The Peugeot 308 HYBRID 225 e-EAT8, to give it at least two thirds of its impossibly long name, is a plug-in hybrid. There’s a four-cylinder turbocharged engine slung out over the nose, with extra propulsion coming from an electric motor on the front axle. That’s good for a combined 225PS (165kW) and 360Nm (266lb ft). Almost all of that torque comes from the electric motors (320Nm to be precise) which means that the system very much runs as a whole, rather than the batteries just kicking in some extra performance.
As a result, when everything works together the 308 is sprightly. Full throttle requests a decent kick from the electric motor, filling the gap nicely before the traditional engine really gets itself going. That means 62mph is reached in 7.5 seconds and the 308 will go on to 146mph if you ask it to (full EV mode will restrict that to 83mph. Electric mode brings very little difference in performance, the Peugeot still hustling itself well when you ask.
Steering is light, but weights up very artificially in sport mode, with the little i-cockpit wheel very much in “twirl around like a baton” mode, rather than providing any real resistance. Pushing right back to those French car stereotypes, the 308’s real strong point is comfort. Back-to-back tested against some German exec fair, the 308 came out significantly on top in the comfort stakes. The suspension is supple and damped nicely without being prone to a wallow. Even with a lot of weight in the nose the Peugeot doesn’t ever feel like it’s struggling to control its mass through a corner. It will nip around nicely, without ever pushing you into overconfidence. The fronts grip strongly even if you chuck the 308 in, never really offering too much to be concerned about.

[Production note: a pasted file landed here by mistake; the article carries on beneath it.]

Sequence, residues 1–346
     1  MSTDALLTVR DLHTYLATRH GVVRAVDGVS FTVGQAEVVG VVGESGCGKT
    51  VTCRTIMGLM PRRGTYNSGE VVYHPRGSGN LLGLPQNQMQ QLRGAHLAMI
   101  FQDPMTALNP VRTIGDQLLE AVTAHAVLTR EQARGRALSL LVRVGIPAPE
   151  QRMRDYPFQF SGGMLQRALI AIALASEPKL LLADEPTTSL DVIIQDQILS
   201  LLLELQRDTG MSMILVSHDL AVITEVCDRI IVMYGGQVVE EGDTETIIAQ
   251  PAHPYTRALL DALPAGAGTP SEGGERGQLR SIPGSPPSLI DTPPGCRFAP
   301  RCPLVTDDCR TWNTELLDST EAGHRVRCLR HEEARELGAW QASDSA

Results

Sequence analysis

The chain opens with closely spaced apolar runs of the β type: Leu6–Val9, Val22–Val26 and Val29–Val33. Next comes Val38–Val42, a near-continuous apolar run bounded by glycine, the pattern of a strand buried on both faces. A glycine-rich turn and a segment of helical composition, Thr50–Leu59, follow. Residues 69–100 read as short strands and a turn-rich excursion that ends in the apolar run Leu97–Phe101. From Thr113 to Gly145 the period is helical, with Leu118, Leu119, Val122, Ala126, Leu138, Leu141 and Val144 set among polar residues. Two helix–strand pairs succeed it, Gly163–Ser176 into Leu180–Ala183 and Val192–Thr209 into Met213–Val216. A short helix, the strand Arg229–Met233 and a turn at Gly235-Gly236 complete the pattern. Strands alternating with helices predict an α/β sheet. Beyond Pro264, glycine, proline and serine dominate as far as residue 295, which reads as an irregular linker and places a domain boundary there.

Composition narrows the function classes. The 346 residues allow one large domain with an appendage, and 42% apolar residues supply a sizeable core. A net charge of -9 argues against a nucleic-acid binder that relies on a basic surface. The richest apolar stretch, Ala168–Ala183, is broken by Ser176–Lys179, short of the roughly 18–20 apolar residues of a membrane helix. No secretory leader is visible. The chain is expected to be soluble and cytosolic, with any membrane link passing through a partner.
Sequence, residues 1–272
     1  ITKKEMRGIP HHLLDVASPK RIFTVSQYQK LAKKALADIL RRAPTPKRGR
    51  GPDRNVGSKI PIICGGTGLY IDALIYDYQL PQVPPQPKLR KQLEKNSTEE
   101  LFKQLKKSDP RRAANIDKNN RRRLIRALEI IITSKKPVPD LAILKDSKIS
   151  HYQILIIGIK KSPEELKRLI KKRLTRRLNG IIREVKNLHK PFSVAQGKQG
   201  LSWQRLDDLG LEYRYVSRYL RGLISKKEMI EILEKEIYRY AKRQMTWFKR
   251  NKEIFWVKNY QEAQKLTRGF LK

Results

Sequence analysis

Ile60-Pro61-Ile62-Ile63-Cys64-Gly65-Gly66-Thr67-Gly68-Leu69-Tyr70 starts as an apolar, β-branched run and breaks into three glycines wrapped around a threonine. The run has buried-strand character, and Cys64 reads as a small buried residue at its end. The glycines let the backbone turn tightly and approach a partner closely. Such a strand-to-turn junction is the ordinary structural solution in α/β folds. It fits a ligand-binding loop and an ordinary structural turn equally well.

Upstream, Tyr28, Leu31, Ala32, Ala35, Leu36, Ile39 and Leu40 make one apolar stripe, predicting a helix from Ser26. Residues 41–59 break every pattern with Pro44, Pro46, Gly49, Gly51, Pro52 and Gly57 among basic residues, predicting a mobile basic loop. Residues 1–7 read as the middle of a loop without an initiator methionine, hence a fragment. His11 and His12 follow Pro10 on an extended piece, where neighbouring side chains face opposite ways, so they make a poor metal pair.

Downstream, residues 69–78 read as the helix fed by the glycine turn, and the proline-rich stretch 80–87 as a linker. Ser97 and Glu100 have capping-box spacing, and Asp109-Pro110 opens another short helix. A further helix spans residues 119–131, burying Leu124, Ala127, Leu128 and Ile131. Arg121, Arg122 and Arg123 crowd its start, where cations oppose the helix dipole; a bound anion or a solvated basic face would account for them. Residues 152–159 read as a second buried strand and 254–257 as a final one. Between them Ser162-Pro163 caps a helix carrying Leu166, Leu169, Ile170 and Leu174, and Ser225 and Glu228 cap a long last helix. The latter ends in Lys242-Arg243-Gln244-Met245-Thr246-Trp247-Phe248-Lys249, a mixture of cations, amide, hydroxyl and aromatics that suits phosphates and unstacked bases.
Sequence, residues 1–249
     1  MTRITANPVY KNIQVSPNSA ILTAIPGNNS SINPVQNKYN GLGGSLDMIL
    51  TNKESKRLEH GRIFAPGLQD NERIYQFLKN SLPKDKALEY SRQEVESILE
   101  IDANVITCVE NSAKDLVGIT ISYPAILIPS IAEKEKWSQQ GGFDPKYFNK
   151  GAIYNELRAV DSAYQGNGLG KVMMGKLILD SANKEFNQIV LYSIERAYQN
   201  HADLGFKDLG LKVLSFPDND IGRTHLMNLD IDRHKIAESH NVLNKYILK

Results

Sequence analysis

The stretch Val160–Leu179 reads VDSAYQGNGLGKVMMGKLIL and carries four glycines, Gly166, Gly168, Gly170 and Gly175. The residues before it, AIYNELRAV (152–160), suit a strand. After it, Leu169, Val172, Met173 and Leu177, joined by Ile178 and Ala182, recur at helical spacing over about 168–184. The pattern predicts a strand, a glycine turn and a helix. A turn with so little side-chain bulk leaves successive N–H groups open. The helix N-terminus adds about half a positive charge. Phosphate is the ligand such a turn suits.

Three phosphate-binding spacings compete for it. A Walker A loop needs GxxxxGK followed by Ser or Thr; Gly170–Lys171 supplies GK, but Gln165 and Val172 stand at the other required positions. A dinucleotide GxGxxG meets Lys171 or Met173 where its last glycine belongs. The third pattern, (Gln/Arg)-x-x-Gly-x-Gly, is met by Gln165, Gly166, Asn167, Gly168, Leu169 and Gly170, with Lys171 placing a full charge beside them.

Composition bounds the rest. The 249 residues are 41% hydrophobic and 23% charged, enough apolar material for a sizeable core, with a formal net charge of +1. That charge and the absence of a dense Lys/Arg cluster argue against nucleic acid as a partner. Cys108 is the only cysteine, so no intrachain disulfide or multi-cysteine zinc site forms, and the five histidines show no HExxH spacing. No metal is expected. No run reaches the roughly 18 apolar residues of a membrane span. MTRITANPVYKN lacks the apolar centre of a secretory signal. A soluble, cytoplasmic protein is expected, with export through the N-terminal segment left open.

That all said, if you do let the batteries run out of juice – and with battery saving settings that is entirely your own fault – the Peugeot 308 does start to wheeze a teeny bit. The 250Nm (184lb ft) of torque from the engine should be enough, but without the instant electric torque it suddenly feels lacking until it starts to move up the rev range.
The switch between electric and petrol motion is controlled smoothly and the 308 Hybrid is capable of 37 miles on its batteries alone. As you might expect the c200-mile range promised by the WLTP cycle is a little bit of a fantasy day-to-day, but when we kept the 308’s batteries topped up we did see mpg into three figures.